Oliver Wahlstrom attending Barry Trotz's school of continuing education
The Islanders' morning skate was ending and, one by one, the regulars made their way off ice. That would have included Oliver Wahlstrom, who was in Monday night’s lineup against the Avalanche at UBS Arena.
But instead, Wahlstrom lingered at center ice, involved in a lengthy conversation with Barry Trotz. No transcript was provided, obviously. But it certainly looked like a teaching moment with the veteran coach going over the finer points of hockey with the 21-year-old Wahlstrom, who the organization believes can develop into one of their top forwards.
There is certainly plenty of fan impatience for Wahlstrom to be given more ice time and a larger on-ice role, like, say, on the top line. Wahlstrom entered Monday’s contest averaging a modest 12:57 of ice time, though he has a power-play role and had 11 goals and 10 assists through his first 47 games, meaning he’s been out of the lineup only five times this season.
But Trotz frequently has tried to explain the process of developing the offensive-minded Wahlstrom, who possesses a blazing wrist shot, into a complete, two-way player.
He did so again on Saturday after Wahlstrom had the opening goal but logged only 8:52 in the Islanders' impressive 2-1 win over the Blues at UBS Arena.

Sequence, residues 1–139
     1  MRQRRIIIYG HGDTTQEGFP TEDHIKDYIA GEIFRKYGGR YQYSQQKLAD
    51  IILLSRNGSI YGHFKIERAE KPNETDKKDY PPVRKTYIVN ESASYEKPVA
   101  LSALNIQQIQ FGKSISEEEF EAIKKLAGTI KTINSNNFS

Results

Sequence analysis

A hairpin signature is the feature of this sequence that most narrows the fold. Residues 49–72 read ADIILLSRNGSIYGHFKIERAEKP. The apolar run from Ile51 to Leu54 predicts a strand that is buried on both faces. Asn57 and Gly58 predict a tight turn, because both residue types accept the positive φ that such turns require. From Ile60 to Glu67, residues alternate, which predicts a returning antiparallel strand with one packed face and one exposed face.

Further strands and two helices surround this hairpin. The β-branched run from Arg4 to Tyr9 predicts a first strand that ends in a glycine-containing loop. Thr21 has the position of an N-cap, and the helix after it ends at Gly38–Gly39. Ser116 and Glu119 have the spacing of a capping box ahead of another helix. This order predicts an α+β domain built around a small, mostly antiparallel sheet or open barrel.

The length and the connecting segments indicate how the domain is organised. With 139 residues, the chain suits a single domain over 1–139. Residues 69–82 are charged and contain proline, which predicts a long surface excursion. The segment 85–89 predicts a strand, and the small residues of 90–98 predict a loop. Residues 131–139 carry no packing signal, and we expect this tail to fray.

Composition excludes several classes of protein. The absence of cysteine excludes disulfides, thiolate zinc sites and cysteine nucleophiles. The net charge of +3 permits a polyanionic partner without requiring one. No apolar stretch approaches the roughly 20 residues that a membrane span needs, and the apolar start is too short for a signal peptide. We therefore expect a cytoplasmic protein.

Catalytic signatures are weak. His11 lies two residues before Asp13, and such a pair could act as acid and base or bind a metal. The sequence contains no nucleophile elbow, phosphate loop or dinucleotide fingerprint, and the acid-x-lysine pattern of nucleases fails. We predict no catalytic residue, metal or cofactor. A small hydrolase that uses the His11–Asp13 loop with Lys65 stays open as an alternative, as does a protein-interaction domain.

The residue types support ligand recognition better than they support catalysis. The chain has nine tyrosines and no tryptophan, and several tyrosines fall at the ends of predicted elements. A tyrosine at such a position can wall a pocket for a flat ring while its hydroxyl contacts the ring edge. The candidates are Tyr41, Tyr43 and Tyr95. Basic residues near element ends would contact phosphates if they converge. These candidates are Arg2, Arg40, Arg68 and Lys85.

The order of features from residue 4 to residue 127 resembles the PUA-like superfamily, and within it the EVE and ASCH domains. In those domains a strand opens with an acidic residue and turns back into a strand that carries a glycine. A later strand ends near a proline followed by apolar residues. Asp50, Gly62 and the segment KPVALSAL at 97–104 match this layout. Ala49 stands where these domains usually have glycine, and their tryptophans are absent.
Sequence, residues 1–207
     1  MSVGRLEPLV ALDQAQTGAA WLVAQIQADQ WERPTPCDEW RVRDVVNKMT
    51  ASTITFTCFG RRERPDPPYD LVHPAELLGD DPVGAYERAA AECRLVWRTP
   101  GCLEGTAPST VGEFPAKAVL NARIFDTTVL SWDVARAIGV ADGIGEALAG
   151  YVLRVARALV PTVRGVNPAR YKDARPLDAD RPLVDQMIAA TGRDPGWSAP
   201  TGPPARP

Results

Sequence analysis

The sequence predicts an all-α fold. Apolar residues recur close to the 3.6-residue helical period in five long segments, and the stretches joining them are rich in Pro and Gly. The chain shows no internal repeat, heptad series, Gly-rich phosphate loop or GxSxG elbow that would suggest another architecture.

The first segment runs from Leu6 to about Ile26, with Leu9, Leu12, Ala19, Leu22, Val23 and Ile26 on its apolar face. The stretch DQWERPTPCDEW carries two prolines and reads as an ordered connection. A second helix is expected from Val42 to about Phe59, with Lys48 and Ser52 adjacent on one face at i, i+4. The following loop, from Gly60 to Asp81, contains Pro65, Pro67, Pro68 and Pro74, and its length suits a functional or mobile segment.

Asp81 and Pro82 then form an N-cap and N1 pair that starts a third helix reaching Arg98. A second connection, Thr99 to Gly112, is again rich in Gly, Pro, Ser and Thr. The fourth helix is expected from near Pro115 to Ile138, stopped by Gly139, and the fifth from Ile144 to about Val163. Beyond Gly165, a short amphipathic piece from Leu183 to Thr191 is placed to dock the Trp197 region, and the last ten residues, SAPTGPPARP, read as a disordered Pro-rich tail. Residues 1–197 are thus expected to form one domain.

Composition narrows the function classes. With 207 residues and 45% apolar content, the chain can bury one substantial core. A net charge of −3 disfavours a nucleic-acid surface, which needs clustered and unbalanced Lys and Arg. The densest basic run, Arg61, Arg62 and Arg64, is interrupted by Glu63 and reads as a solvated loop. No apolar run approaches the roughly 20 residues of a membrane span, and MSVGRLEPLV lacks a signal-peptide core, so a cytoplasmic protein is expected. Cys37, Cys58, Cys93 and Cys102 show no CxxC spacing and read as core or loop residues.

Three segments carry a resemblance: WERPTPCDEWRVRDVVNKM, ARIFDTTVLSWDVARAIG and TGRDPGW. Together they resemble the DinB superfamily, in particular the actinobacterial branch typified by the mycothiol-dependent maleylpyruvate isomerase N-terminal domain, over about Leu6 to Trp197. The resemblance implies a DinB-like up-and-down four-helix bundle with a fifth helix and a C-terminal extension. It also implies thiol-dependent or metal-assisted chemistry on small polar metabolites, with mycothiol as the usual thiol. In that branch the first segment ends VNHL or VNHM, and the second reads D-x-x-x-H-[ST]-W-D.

"It’s a process with Wahlly," Trotz said. "It’s easy, everybody who says, ‘Aw, just put the kid in, he’ll be fine.’ It doesn’t work that way. You get confidence by earning it. If it comes easy to you and you run into a dry spell or a hard spell, you don’t know where to go. But if you make it a little bit hard and understand that everything is critical, then you understand that you start building your game, and then all the momentum and all that comes.
"With the young guys, you try to give them areas where they can have success. So a lot of times Wahlly will be out against third and fourth lines. You protect those young guys. Once they have good success there and then you can bump them up. I’ve seen so many players that you bump to the first line coming out of the draft. They’re playing against NHL stars and they don’t have success. There’s nowhere to go when you’re there. So it’s OK to start here. He’s going to get to the next rung."
Trotz is also trying to teach Wahlstrom more situational awareness. For instance, in a recent game, Wahlstrom started a shift while two defensemen had been stuck on the ice. Rather than help get the blueliners back to the bench, Wahlstrom turned the puck over and extended their shift.
Trotz’s methods — which sometimes come across as tough love with his public comments — has led to outside speculation the coach may not like the player.
But watching their interactions, such as Monday, quickly prove that a false narrative.
For Monday was not an uncommon sight.
At an optional practice in Seattle during the Islanders’ recent six-game road trip, Trotz, not on ice for the session, came out to the bench area and called Wahlstrom over. Trotz then threw an arm over Wahlstrom’s shoulder and beamed at his player, with Wahlstrom also wearing a wide smile. The two spent several minutes at the bench joking around.
"For every young player, it’s always without the puck for me," Trotz said. "With the puck, I never say, ‘Don’t shoot. Don’t make a play.’
"He’s got lots of talent. Don’t be impatient with him. He’s going to be good. He’s going to be fine. You guys are like McDonald’s, you guys want everything right now."